Spring 2021 - CMPT 307 D100
Data Structures and Algorithms (3)
Class Number: 6656
Delivery Method: In Person
Course Times + Location:
Mo, We, Fr 11:30 AM – 12:20 PM
REMOTE LEARNING, Burnaby
Exam Times + Location:
Apr 25, 2021
3:30 PM – 6:30 PM
REMOTE LEARNING, Burnaby
1 778 782-6705
Prerequisites:CMPT 225, MACM 201, MATH 151 (or MATH 150), and MATH 232 or 240.
Analysis and design of data structures for lists, sets, trees, dictionaries, and priority queues. A selection of topics chosen from sorting, memory management, graphs and graph algorithms.
The objective of this course is to introduce concepts and problem-solving techniques for the design and analysis of efficient algorithms through studying data structures, algorithms, and algorithmic techniques.
COURSE-LEVEL EDUCATIONAL GOALS:
- Introduction 1: algorithm design and analysis examples, computation models, Big-O analysis
- Introduction 2: divide and conquer, analysis of recurrence, randomized algorithms
- Sorting and order statistics: Heapsort, Quicksort, other sorting problems
- Simple data structures: lists, stacks, queues, trees, hash tables
- Algorithm design and analysis techniques, dynamic programming, greedy, amortized analysis
- Advanced data structures, B-trees, Fibonacci heaps
- Graph algorithms, graph search, minimum spanning trees, shortest paths
- Selected topics, NP-completeness, string matching, maximum flow
The lectures is planned to be delivered online at the scheduled class time (currently 11:30-12:20, M/W/F), recorded and posted at some website. The course has a final examination, homework assignments, and quizzes or midterms. The grade distribution will be announced during the first week of classes.
Students must attain an overall passing grade on the weighted average of exams in the course in order to obtain a clear pass (C- or better).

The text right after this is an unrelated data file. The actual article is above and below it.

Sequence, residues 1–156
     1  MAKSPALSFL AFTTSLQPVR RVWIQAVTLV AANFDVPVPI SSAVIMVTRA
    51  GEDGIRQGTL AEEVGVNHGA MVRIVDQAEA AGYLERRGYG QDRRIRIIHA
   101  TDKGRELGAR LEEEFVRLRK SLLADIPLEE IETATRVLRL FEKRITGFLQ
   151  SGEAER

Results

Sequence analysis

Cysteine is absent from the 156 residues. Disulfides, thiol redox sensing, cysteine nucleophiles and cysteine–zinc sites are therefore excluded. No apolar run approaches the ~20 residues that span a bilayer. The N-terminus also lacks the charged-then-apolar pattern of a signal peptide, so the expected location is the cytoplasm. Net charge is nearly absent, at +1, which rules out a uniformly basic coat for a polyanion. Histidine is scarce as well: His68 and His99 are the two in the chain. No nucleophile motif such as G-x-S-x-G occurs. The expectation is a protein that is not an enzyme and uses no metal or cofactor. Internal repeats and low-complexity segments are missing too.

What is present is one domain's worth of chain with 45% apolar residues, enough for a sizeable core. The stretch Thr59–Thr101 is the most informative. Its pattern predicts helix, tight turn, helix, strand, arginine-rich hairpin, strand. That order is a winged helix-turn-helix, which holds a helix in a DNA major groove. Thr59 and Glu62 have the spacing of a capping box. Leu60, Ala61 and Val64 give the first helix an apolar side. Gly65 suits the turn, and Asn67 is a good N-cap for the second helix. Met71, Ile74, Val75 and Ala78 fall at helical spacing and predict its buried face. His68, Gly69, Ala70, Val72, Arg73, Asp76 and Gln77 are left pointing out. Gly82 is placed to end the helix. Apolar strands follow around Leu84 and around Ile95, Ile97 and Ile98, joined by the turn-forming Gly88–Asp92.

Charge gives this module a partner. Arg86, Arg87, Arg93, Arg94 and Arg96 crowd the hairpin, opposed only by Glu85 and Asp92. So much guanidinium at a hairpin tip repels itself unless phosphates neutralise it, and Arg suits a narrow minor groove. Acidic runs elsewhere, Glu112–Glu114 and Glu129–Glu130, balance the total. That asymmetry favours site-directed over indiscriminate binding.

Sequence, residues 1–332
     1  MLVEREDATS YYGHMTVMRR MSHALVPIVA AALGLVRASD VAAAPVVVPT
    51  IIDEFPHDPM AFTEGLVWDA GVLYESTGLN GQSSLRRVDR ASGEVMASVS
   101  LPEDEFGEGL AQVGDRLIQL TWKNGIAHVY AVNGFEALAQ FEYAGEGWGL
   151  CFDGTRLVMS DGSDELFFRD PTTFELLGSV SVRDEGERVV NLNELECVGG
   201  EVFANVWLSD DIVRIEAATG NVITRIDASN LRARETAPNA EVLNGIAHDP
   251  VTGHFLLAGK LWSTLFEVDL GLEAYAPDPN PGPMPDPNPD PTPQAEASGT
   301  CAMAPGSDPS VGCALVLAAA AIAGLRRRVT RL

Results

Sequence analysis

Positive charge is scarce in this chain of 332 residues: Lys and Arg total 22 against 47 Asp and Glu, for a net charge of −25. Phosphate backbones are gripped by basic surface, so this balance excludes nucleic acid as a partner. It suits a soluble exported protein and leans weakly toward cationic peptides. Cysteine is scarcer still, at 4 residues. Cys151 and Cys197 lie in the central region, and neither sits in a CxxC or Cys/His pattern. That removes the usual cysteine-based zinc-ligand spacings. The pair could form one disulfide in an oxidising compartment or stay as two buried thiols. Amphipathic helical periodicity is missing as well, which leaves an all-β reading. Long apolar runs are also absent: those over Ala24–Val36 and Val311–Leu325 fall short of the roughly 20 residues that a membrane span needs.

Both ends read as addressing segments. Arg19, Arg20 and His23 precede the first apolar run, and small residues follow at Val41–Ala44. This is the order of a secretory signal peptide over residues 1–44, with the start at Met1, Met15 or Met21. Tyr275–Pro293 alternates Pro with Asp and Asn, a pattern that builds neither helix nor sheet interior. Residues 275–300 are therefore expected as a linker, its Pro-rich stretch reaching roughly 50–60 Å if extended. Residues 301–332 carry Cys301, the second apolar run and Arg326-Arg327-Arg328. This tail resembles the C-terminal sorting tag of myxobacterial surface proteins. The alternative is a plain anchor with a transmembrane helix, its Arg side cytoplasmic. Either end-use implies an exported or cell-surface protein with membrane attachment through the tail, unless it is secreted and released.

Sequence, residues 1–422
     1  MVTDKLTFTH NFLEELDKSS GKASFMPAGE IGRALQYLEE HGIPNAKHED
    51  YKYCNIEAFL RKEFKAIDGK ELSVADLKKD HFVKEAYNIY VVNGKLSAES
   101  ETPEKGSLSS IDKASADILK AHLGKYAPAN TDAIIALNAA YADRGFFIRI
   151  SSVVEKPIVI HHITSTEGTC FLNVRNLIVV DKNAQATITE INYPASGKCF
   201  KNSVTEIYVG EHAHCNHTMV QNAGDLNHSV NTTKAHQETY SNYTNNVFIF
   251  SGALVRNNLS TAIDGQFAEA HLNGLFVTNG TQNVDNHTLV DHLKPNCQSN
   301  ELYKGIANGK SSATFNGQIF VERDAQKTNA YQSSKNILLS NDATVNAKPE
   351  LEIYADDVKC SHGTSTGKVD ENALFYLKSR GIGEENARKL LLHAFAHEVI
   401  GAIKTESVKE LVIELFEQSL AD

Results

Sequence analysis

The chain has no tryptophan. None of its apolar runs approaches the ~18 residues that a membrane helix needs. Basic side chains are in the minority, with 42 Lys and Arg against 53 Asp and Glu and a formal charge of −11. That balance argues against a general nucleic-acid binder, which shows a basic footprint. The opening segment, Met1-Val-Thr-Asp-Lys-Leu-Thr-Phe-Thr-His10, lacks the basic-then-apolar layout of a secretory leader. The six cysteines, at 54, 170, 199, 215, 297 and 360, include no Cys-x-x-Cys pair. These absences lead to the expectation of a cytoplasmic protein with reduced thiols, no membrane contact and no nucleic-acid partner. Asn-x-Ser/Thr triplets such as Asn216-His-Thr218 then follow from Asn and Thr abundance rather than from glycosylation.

- Introduction to Algorithms (3rd Edition), T.H. Cormen, C.E. Leiserson, R.L. Rivest, C. Stein, MIT Press, 2009, 9780262033848
- Algorithm Design , J. Kleinberg, E. Tardos, Addison-Wesley, 2006, 9780321295354
ACADEMIC INTEGRITY: YOUR WORK, YOUR SUCCESS
SFU’s Academic Integrity web site http://www.sfu.ca/students/academicintegrity.html is filled with information on what is meant by academic dishonesty, where you can find resources to help with your studies and the consequences of cheating. Check out the site for more information and videos that help explain the issues in plain English.
Each student is responsible for his or her conduct as it affects the University community. Academic dishonesty, in whatever form, is ultimately destructive of the values of the University. Furthermore, it is unfair and discouraging to the majority of students who pursue their studies honestly. Scholarly integrity is required of all members of the University. http://www.sfu.ca/policies/gazette/student/s10-01.html
TEACHING AT SFU IN SPRING 2021
Teaching at SFU in spring 2021 will be conducted primarily through remote methods. There will be in-person course components in a few exceptional cases where this is fundamental to the educational goals of the course. Such course components will be clearly identified at registration, as will course components that will be “live” (synchronous) vs. at your own pace (asynchronous). Enrollment acknowledges that remote study may entail different modes of learning, interaction with your instructor, and ways of getting feedback on your work than may be the case for in-person classes. To ensure you can access all course materials, we recommend you have access to a computer with a microphone and camera, and the internet. In some cases your instructor may use Zoom or other means requiring a camera and microphone to invigilate exams. If proctoring software will be used, this will be confirmed in the first week of class.Students with hidden or visible disabilities who believe they may need class or exam accommodations, including in the current context of remote learning, are encouraged to register with the SFU Centre for Accessible Learning (email@example.com or 778-782-3112).